The difference is crucial; both tomeru and tameru imply the absence of movement. Stopping, however, is the end of action. It may be immediately followed by a new action, but the flow is lost. There are two thoughts, to movements. No matter how quickly in succession they are performed, they are not one, but two, and that disconnect, even if only a fraction of a fraction of a second, is an opening to be exploited.
The water radical on the side of tameru implies flow, continuation. A river of course is flowing. But even a still lake, with a calm glass surface, stores up the water that flows in from tributaries and ground springs. Even if there is no particular movement at the moment it is observed, it is in a state of preparedness. Like a frozen stream, it has not stopped flowing, it's just pausing, to freeze and thaw, before continuing on.
A more modern analogy: run the battery in your cellphone down until it stops working. That's dead. Now plug in your cellphone, recharging the battery whilst using it. Hang up. Now make another call. The battery drains, charges, drains and charges.
This is hard to explain, especially in Japanese, where the word hayai means both fast (as in speed) and early (as in time), but it is important in making a distinction between merely moving quickly and repeatedly, and moving at the right time. If it is not yet time, you do not tomeru, you tameru. No matter how quickly you move, if you move too early, the enemy merely waits and counters. If you move too late, well your speed doesn't matter; you're already ready.
Just like the famous quote "The slow blade penetrates the shield", a well-timed strike is more effective than the fastest cut at the wrong moment.
In practice, there is no suki, no opening, in atomic movements, nor in the time between atomic movements when there is tame; storing, building, energizing, waiting. A single atomic movement from the moment the hand moves to draw to when the sword has completed its cut. And then...tame, patiently, sword pointed at the enemy...in another instant the sword is readied overhead and then strike quickly immediately or...tame; pressure, closing, tempting, holding, until the enemy moves to fight or flee and then strike, react in an instant no difference between his movement and yours, no opening in time or space no difference between movement and stillness and movement again.
More photos from the Ishiharas.
Spiral glazed ham. One word: MAGICAL!
After practice I hooked up with the SCT posse in shinbashi and closed out the evening walking home from Roppongi at 1:30am. At least this time I wasn't assaulted by Russian Women of the Evening. Instead I had a lovely conversation with a girl dubiously named Ichigo (strawberry) who was a dumb as she was cute, but her tips were pre-paid by the generousity of my coworkers and therefore she was perfectly content to talk about the benefits of a buzz cut, being able to speak the language as a foreigner in a strange land, and why pachinko never took off in the USA.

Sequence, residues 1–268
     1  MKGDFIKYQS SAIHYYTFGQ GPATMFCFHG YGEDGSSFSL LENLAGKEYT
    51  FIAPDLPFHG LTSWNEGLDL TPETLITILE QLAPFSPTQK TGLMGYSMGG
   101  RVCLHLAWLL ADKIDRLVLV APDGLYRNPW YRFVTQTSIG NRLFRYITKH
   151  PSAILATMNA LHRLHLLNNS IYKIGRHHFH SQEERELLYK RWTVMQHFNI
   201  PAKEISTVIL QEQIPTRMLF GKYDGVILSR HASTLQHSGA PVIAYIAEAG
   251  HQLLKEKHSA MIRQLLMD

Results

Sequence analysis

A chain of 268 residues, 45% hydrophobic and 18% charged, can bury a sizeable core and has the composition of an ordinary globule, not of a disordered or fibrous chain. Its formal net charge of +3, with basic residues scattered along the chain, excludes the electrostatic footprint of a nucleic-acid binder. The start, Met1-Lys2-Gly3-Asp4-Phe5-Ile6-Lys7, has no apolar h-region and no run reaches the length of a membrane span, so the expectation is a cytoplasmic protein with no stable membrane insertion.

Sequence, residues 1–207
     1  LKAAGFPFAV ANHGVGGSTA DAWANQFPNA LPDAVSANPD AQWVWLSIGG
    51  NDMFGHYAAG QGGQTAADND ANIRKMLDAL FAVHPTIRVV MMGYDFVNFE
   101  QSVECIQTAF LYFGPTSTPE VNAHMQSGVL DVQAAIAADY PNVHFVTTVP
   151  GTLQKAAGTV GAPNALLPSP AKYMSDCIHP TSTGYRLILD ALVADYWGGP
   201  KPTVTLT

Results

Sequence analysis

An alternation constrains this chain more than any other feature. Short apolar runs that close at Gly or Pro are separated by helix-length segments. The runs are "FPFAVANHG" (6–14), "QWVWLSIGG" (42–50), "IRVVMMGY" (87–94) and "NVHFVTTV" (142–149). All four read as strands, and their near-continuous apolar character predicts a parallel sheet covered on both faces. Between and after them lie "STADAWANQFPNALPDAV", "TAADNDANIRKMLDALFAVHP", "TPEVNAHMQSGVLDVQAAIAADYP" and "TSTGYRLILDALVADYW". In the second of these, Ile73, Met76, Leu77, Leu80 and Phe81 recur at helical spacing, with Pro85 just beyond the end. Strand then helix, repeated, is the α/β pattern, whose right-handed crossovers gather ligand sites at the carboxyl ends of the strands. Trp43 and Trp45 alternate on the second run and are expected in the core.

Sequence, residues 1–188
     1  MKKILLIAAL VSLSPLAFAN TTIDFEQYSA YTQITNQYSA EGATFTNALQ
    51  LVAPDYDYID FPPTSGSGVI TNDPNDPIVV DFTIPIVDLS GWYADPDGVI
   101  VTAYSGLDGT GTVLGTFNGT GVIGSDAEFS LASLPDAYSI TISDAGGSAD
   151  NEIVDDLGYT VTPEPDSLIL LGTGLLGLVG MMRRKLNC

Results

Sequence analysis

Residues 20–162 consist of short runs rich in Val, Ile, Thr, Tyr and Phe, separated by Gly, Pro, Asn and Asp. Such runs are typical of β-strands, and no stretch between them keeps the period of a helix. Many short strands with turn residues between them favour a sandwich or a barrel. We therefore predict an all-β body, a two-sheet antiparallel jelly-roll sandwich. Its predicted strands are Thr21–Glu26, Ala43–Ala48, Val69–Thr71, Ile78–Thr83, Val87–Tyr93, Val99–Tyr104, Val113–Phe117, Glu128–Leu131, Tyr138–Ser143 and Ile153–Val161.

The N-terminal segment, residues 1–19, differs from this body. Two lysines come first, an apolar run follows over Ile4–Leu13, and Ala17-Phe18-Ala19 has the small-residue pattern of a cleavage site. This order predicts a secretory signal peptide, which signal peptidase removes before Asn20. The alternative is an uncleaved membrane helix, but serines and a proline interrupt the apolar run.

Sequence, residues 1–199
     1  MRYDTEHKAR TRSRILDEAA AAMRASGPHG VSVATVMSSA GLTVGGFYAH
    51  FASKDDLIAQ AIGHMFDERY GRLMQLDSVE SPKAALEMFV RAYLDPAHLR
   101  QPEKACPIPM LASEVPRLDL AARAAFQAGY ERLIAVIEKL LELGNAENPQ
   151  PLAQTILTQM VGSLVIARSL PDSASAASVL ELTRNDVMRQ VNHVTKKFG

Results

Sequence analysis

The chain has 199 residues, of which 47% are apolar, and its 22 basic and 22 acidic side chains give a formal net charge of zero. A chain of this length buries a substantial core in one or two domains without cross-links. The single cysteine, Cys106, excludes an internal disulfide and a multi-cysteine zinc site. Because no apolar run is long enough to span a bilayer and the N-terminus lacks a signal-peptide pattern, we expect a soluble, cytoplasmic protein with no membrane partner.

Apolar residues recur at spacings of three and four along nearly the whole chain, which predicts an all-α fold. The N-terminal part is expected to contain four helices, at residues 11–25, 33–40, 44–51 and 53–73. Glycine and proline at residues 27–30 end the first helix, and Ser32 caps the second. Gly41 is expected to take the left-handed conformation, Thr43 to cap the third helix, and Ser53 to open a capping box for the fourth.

All of the kata assume many things, most of them totally 'unrealistic'. Then again kata were never intended to be actual mini-recreations of possible real-life encounters. They make assumptions and promises in order to define parameters within which you can learn something; some technique, a theory of response, the eye to see and judge distance, timing. Most of the kata start with the assumption that you are getting attacked where you are. Therefore, you have to wait until the other guy has actually attacked you, where you are, before you can evade and counter. And obviously, you have to evade before you can counter.
We worked in pairs with wood, trying to understand how a millimeter difference means evading or getting hit, understanding speed and reaction time, checking distance. I am a big believer in working with someone else in order to really feel what it's like to evade and deflect, to focus counters on target, and to verify distance. Ultimately though if you cannot imagine the enemy, see him standing there in space, and hit him consistently, then you are his mercy, because you are only capable of reacting, and therefore he is in control. Ultimately, we strive to overcome such control, by the enemy, by the environment and situation. Ultimately, we are simply part of it, neither controlled nor in control, neither action nor reaction; simply there.
But that's far away, and right now it's hard enough to keep from getting bonked on the head.
After the first half-hour, I went to the back and sat down with my water bottle, where I remained for the remainder of class. Moral of the story: listen to your stomach.
After the antique fair we defrosted the crab we sent to ourselves from Hokkaido and had hand-roll sushi.
Oh yeah, and damn it got cold this weekend! What's up with that? Oh right, winter, eh.
Hungry after practice so I got off the bus early and walked down to Lucky. Mama was there with a bunch of her friends, and they were all welll on their way to drunkedness, so I joined their table and stuffed myself silly. I am not just a regular, I am somewhat of a legend ever since I translated their menu into English, so everyone there already knew all about me. Kind of spooky, but the Taiwanese garlic noodles were great, so no complaints.
See the pained expression on my face? I was physically and psychologically violated by a woman from Kiev in a Sketchy Place on a side street in the bowels that are Roppongi.
There are two possible reaons why she abused me in Russian and slobbered a big glitterly lipstick stain on the collar of my favorite blue shirt:
1) She really, really liked me and took offense when she discoverd that I was married and the feeling was not mutual.
2) She was upset that she wouldn't be making a few last extra yen before 4am closing because I turned down her offer to show me her various body piercings in the privacy of the back room.
Moral of the story: if you must go to a Sketchy Place, bring someone who speaks Russian. Or even better skip the Sketchy Place and go straight for the late-night/early morning ramen. Even if the waitress abuses me, at least I get to eat.
There is a very good reason why, ever since I have had my own keys, that I have kept them on a long chain attached to my person. Why did I take them off the chain to open my locker at Honbu Dojo? One of the great mysteries...